Here’s a roundup of news briefs from around Southwest and Southside. Send yours for possible inclusion to

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Community fossil unpacking party returns at Virginia Tech

The Virginia Tech Paleobiology Research Group is bringing back its annual fossil unpacking party to the Museum of Geosciences in Derring Hall after a two-year hiatus caused by the COVID-19 pandemic.

The event, open to all campus and community members, takes place at 7 p.m. Tuesday in 2062 Derring Hall and will be hosted by Michelle Stocker, an assistant professor, and Sterling Nesbitt, an associate professor.

The event will feature the unpacking of fossils discovered this past summer in digs in Arizona and Texas.

Undergraduate student Megan Sodano was part of the summer dig. Courtesy of Virginia Tech.

Children older than 7 are welcome to attend the unpacking if accompanied by an adult. Pre-registration is appreciated. Email with name, email contact, number of people and ages of children.

The evening will begin with a presentation by Stocker, Nesbitt and geosciences students at 130 Hahn Hall North before moving to the museum at Derring Hall.

In years past, the unpacking party has brought in as more than a 150 people, Stocker said. “We’ve really missed sharing what we do with our community through in-person events,” she added.

The team found mostly fossils of reptiles, amphibians and fish. In Arizona, the team focused on rocks in and around Petrified Forest National Park, working aside park scientists to excavate bone beds. In Texas, the team concentrated on rocks near the town of Post, where Stocker said many Upper Triassic rocks are exposed.

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SML Center to work with Virginia Tech students on business development plan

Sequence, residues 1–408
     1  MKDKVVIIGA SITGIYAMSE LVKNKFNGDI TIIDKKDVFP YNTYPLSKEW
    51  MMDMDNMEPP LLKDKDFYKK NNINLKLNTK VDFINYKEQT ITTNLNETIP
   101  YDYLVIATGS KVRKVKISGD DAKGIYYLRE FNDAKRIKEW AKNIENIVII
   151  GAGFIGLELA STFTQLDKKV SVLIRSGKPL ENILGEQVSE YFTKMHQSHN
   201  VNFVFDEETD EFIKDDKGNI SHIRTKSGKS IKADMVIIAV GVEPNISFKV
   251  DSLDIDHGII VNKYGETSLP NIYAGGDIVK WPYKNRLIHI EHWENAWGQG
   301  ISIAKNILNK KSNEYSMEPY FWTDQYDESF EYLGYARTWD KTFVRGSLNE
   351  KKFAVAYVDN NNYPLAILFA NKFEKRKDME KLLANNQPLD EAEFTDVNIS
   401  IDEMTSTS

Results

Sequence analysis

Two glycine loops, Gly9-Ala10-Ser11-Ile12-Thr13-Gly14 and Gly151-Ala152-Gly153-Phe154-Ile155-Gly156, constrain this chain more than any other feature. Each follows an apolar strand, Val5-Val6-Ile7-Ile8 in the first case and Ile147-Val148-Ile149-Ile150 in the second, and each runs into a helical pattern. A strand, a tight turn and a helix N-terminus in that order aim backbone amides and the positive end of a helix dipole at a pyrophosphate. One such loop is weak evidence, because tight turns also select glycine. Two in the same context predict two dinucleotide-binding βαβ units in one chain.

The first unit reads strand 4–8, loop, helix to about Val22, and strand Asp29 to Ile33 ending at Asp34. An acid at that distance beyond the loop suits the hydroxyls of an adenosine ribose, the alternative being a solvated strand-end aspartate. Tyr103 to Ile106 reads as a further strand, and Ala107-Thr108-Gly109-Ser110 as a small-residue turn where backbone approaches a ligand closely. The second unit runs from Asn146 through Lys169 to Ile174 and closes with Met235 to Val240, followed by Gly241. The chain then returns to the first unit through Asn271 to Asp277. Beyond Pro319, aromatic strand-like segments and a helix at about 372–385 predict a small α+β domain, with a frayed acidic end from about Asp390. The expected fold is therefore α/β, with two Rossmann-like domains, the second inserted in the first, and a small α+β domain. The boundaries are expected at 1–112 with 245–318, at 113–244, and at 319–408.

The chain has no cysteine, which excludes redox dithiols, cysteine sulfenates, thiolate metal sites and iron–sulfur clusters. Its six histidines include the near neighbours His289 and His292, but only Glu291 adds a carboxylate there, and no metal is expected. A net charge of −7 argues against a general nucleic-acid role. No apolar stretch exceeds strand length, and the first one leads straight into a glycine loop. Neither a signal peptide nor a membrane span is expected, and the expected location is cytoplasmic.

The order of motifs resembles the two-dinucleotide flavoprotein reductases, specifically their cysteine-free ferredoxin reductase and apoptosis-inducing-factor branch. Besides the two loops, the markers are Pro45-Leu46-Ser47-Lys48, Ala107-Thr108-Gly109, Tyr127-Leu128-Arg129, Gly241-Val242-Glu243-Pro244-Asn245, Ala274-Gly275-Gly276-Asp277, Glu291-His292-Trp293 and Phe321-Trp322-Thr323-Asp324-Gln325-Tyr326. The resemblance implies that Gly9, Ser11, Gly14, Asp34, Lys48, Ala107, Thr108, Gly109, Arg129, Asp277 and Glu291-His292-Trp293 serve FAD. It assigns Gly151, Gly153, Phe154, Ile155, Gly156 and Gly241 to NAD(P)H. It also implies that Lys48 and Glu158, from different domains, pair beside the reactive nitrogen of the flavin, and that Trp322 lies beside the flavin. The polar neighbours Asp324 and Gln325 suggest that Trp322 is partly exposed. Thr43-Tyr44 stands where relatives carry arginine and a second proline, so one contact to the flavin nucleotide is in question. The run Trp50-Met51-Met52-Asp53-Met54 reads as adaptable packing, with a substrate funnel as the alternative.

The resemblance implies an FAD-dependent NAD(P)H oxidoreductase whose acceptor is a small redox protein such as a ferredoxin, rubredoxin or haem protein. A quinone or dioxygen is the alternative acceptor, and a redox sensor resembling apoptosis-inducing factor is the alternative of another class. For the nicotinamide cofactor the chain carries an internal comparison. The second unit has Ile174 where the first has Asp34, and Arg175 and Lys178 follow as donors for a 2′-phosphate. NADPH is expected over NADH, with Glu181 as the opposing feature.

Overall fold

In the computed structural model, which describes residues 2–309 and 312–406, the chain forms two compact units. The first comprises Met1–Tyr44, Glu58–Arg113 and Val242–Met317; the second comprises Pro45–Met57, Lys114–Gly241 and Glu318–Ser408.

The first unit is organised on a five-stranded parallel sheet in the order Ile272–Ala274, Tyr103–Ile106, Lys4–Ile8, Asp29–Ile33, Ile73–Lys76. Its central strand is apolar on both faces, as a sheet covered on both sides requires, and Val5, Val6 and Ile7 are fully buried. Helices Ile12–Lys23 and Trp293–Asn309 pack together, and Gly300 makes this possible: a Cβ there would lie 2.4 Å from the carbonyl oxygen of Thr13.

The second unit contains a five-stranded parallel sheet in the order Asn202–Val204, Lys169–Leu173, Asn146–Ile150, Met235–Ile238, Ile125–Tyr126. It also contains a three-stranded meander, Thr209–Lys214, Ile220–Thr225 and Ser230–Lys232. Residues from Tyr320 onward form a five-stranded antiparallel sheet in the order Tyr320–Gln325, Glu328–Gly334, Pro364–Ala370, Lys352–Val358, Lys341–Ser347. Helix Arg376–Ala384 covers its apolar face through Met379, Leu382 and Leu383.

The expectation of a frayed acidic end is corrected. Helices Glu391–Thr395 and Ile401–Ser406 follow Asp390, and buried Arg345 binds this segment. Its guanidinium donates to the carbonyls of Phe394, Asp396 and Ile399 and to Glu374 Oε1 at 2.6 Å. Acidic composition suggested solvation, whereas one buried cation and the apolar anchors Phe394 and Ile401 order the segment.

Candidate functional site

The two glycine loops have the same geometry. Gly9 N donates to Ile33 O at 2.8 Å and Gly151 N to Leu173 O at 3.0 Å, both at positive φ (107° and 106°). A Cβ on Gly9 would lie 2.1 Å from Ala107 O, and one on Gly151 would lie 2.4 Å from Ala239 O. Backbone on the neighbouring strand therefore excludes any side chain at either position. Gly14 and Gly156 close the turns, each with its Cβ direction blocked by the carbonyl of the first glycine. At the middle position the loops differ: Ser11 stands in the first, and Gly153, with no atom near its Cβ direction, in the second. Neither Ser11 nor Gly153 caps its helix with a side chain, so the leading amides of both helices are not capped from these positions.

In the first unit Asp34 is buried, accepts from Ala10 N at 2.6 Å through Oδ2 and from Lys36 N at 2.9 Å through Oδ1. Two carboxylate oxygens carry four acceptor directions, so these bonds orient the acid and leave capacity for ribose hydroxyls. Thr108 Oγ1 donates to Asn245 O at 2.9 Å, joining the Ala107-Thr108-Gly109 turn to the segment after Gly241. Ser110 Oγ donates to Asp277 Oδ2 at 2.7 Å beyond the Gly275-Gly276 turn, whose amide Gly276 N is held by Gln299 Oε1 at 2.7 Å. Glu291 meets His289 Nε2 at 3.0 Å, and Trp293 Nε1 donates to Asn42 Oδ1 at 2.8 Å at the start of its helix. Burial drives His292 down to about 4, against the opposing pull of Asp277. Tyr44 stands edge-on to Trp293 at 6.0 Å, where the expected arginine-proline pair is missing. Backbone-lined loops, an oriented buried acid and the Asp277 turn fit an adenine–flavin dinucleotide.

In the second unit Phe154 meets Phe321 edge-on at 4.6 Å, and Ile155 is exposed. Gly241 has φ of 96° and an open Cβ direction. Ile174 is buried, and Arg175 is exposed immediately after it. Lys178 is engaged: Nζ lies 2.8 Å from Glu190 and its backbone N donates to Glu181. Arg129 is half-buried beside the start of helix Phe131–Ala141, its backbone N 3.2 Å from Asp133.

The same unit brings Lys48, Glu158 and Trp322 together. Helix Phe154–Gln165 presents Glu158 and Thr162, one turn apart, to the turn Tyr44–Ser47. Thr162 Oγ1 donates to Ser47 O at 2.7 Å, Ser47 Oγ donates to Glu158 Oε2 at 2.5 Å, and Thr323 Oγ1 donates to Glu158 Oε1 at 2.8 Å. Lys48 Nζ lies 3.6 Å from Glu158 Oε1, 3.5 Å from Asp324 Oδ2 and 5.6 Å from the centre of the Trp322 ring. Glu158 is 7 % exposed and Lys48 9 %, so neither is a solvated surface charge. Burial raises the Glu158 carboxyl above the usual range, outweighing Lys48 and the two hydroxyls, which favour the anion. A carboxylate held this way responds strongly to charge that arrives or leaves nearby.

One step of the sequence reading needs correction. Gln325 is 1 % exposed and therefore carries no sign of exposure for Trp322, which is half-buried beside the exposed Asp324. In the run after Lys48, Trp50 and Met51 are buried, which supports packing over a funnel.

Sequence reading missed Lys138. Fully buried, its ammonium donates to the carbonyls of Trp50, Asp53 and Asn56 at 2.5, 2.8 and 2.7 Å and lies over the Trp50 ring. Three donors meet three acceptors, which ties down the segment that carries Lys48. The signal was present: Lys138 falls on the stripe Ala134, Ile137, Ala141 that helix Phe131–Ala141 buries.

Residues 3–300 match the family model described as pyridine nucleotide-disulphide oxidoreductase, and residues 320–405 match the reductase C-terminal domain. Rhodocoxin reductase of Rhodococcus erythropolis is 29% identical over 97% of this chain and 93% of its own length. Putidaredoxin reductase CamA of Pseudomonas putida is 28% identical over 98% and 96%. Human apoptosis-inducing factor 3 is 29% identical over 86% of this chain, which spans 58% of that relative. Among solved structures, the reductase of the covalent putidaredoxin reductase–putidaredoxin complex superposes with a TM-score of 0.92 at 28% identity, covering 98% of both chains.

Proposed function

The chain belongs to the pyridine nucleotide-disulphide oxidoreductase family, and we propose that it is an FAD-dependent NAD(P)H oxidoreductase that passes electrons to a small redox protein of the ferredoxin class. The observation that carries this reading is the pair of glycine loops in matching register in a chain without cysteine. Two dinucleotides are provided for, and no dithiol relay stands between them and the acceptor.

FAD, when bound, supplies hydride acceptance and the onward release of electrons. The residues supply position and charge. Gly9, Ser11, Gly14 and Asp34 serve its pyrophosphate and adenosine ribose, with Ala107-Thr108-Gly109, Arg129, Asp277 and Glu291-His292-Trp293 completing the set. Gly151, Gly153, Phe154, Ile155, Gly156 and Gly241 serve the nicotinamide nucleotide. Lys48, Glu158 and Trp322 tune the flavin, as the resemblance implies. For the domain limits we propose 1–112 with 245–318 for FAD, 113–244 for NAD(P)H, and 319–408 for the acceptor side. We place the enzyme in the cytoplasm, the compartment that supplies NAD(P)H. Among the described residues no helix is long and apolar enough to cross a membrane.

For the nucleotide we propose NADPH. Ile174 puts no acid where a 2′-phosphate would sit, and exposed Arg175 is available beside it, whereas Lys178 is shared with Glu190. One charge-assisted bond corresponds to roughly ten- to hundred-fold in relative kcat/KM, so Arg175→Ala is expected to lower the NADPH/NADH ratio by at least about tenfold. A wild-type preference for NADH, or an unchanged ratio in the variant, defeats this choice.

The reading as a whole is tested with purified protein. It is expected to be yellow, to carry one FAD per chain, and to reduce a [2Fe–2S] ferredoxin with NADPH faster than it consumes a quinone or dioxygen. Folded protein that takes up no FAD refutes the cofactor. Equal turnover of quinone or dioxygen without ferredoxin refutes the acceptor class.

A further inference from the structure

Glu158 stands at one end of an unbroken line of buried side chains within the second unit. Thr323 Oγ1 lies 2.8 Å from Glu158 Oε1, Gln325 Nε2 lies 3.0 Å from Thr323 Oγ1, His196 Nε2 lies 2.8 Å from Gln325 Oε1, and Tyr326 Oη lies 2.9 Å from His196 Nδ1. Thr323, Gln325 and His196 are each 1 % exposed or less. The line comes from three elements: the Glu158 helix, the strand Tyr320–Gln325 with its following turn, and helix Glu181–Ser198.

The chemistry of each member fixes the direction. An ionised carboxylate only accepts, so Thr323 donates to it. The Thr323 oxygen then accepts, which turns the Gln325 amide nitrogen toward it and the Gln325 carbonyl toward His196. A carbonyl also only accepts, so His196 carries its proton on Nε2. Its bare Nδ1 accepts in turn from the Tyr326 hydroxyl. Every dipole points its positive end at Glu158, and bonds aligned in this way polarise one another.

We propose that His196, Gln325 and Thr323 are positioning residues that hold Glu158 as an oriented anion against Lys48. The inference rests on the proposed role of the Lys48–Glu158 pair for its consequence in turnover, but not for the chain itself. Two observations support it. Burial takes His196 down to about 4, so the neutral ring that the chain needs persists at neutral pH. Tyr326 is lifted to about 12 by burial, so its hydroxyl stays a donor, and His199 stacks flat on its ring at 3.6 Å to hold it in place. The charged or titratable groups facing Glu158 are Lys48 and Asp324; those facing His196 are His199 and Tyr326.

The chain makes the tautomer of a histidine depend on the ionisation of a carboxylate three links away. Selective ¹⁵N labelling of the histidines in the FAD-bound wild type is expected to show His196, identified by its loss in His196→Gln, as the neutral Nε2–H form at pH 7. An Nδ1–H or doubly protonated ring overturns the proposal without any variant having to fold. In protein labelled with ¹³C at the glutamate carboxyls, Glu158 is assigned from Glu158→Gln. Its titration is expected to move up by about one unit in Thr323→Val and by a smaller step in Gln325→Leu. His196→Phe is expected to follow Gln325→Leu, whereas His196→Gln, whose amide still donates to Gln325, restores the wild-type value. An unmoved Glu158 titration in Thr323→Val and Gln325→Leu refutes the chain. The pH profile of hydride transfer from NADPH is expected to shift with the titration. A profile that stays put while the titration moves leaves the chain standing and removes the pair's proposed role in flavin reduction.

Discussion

The Smith Mountain Lake Center Inc. will be working with the management department at Virginia Tech’s Pamplin College of Business to create a business plan for the center.

Dirk Buengel. Courtesy of Smith Mountain Lake Center Inc.

The student project was proposed by Greg Beecher, Tech’s director of talent development and a member of the center’s board of directors.

Beecher chairs the education committee for the center, a nonprofit that is working to purchase the vacant Grand Home Furnishings showroom at Westlake Corner and transform it into a multiuse facility for education, entertainment, community and tourism events. He said he reached out to his colleague Dirk Buengel, an associate professor of practice at Pamplin, to see if his students could help develop a plan to use the center.

Buengel will act as project advisor to the team of four to five management students. They will work to define the best use of the new venue to serve a diverse audience, from grade school students to senior citizens, he said.

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Pittsylvania County receives $2.4 million grant to upgrade pump stations, improve infrastructure

Pittsylvania County has received a $2.4 million grant from the U.S. Department of Commerce to upgrade the county’s water and sewer infrastructure, the county announced last week.

The grant will be used to improve five aging pump stations, replace the deteriorating Brockway pump station with gravity sewer service, and complete several smaller water infrastructure projects, the county said.

The grant from the Economic Development Administration is part of the the agency’s American Rescue Plan Economic Adjustment Assistance program. Pittsylvania County is contributing $600,000 to these projects. 

Pittsylvania County Public Works provides water service to more than 3,500 customers and sewer service to about 2,000 homes and businesses.